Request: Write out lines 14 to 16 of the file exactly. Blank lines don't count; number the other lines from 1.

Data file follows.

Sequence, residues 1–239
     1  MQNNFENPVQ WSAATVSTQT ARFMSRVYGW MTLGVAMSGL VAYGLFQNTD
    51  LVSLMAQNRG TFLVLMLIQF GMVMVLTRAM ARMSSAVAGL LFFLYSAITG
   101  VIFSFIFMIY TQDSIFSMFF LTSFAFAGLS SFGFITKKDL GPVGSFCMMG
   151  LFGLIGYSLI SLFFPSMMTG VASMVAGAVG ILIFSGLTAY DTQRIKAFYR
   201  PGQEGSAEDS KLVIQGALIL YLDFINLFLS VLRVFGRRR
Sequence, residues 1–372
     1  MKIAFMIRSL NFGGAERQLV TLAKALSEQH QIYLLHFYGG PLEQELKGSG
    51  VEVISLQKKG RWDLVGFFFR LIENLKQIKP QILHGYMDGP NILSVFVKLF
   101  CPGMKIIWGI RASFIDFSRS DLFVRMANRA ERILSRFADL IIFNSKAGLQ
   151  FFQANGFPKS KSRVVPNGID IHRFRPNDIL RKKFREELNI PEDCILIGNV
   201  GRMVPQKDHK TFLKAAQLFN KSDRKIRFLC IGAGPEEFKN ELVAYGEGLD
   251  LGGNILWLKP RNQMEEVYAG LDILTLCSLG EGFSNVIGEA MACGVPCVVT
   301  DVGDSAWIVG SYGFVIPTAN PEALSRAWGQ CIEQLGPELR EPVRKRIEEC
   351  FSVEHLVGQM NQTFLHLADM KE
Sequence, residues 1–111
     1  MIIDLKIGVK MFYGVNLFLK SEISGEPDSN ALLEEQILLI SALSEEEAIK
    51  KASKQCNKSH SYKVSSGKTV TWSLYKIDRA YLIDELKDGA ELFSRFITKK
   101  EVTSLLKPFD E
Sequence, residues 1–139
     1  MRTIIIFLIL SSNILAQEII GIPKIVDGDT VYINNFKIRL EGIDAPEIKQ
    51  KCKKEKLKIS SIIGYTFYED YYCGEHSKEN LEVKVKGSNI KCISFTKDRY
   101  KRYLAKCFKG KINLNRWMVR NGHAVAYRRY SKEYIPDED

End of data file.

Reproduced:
   301  DVGDSAWIVG SYGFVIPTAN PEALSRAWGQ CIEQLGPELR EPVRKRIEEC
   351  FSVEHLVGQM NQTFLHLADM KE
Sequence, residues 1–111